NIOSH stated that the only benefit of a lumbar belt was that it helped maintain proper posture, and they did not recommend their use. Additionally, lumbar belts limit movement to a narrower range of motion, which may contribute to cumulative trauma injuries [5]. The additional muscular activity needed to overcome the restricted movement should put additional loading on the lumbar disc, potentially overcoming any benefit that may occur with increased internal pressure provided by the belt [6]. Yet, during the rest of the day, the lumbar belts would limit muscular activity and lead to non-use weakness and possible injury [7] [8].

After researching these and many other studies, the Cochrane Collaboration, stated that workers should not wear lumbar supports to prevent back injuries [9].

Unlike a lumbar belt or weight lifting belt which is worn high around the waist over the abdominal muscles, the Serola sacroiliac belt is worn low around the hips to support the ligaments of the SIJ. Correctly placed on the pelvis, the Serola Belt allows free movement throughout the full range of motion. Because of this key difference in placement and function, the Serola Belt does not cause muscle atrophy or weakness like a lumbar belt or weight lifting belt.  This is similar to the way a knee brace supports the ligaments of the knee without causing weakness of the leg muscles.  For this reason, the Serola Belt can be worn as much as needed, even 24/7, without causing muscle atrophy or weakness.

Bending, lifting, and twisting are known movements that can cause or aggravate sacroiliac joint injuries. These movements are essential functions in many workplaces. When the worker twists his or her spine, the ligaments within the spine and sacroiliac joints absorb the force at the end of the motion and help the body decelerate. Although the disc is involved, it is constructed to withstand twisting. On the other hand, the sacroiliac joint is much more vulnerable to the forces encountered in twisting, especially when bending and lifting are involved at the same time. The Serola Belt acts as an external ligament and helps support the SIJ ligaments against excess force, both after injury and as a preventive.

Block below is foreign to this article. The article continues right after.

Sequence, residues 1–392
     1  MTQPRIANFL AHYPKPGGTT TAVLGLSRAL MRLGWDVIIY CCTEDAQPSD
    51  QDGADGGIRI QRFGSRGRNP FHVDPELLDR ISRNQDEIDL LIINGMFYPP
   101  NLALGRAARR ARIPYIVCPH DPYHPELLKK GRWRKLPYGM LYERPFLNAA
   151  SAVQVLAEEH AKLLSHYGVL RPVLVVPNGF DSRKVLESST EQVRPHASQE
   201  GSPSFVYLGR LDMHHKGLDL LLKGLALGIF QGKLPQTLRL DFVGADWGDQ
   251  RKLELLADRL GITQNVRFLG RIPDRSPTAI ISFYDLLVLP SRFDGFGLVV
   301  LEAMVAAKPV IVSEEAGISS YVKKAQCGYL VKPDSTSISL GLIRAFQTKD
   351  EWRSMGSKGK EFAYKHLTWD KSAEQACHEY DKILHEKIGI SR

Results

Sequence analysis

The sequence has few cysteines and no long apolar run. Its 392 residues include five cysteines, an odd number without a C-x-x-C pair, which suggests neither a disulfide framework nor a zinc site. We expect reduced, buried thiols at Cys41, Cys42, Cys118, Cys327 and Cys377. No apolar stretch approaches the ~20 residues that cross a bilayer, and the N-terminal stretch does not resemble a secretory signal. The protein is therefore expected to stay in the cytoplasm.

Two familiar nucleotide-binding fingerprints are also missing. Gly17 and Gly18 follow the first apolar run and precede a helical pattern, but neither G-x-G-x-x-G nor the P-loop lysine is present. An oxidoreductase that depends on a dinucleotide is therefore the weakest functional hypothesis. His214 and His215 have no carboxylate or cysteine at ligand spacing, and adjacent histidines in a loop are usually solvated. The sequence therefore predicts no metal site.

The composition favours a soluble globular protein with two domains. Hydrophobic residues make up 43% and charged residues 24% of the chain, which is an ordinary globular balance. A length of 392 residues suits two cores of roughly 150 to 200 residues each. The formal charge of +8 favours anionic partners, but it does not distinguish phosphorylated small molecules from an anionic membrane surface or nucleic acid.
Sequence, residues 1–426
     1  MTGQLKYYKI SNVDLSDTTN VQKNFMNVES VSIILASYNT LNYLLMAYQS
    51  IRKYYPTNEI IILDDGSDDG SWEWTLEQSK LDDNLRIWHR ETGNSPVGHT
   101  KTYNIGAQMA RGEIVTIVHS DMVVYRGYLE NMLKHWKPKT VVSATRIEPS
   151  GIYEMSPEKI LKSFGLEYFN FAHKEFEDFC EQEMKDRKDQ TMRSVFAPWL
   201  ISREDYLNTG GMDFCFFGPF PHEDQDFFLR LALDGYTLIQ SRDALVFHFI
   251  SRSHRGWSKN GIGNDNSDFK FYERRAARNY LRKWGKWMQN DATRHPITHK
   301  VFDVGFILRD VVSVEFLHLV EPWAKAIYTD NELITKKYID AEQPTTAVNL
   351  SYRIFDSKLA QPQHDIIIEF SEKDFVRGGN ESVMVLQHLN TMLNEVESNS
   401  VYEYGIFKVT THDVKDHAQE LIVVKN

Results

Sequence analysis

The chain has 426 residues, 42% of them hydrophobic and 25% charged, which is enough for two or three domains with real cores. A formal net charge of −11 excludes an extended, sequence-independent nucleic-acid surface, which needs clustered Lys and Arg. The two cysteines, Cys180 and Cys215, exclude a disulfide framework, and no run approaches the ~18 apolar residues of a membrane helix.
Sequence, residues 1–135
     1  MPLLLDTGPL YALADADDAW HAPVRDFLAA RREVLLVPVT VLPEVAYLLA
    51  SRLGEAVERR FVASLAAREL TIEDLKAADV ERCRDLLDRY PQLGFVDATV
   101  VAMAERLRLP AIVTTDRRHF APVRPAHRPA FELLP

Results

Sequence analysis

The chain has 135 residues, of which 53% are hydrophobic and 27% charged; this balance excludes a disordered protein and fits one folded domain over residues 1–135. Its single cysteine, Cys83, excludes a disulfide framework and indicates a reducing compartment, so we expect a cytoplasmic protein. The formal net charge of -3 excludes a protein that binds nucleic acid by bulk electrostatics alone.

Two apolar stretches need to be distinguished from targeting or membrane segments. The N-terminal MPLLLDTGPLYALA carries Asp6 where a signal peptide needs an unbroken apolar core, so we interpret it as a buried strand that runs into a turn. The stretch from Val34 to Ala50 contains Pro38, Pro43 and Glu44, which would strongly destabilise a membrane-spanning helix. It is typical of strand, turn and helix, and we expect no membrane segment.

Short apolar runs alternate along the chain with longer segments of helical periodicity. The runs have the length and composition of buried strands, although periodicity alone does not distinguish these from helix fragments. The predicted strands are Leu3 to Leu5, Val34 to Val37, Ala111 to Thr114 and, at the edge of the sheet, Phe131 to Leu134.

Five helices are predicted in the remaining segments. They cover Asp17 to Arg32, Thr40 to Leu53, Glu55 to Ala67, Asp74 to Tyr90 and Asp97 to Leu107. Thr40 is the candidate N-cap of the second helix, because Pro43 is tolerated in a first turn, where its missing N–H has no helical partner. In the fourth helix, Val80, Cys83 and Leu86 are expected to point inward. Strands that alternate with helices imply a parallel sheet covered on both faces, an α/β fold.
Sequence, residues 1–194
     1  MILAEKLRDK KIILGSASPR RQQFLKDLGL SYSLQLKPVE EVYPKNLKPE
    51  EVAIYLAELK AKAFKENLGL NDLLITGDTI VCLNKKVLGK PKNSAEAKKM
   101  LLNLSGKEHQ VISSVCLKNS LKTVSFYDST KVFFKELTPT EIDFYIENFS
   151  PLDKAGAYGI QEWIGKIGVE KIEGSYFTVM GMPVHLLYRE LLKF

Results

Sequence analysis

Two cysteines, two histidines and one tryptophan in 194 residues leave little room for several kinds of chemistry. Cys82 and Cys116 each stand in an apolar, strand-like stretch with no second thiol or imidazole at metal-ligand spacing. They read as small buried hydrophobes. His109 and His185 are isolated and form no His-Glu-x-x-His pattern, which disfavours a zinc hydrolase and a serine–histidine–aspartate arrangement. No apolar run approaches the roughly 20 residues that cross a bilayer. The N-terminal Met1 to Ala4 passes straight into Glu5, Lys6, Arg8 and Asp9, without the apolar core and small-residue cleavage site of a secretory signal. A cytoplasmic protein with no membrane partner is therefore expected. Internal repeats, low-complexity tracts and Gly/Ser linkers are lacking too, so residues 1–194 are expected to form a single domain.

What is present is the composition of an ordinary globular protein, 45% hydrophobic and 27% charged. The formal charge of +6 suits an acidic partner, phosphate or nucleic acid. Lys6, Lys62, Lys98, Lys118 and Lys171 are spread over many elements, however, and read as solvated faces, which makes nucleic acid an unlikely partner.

In fact, studies show that many people with low back pain felt relief and improved functionality when using a sacroiliac belt [10-18].

NEGATIVE EFFECTS OF SITTING.

As with any joint, the SIJ is more stable against forces that are perpendicular to its surfaces. The SIJ is almost vertical, so a horizontal force is most stabilizing. When standing, force comes up from the ground, through the legs, bending with the neck of the femur bone, into the pelvic socket (acetabulum) at an angle that is about 45 degrees to the SIJs surface. Then, the actions of the upper leg and pelvic muscles change the force stream to an almost horizontal plane, perpendicular to the SIJ, enhancing stability.  However, when sitting, the legs are removed from the situation and all the upper body weight goes on the ischia (sit bones). Now, the force stream changes to a vertical plane, and becomes destabilizing to the SIJ. Accordingly, sitting can be considered a repetitive motion that places consistent stress on the SIJ ligaments over the course of one’s lifetime. Eventually, micro tears may occur, which trigger an avoidance reaction that may be expressed as tightness and pain. For this reason, wearing the Serola Belt during sitting may help relieve stress on the SIJ ligaments and enhance comfort.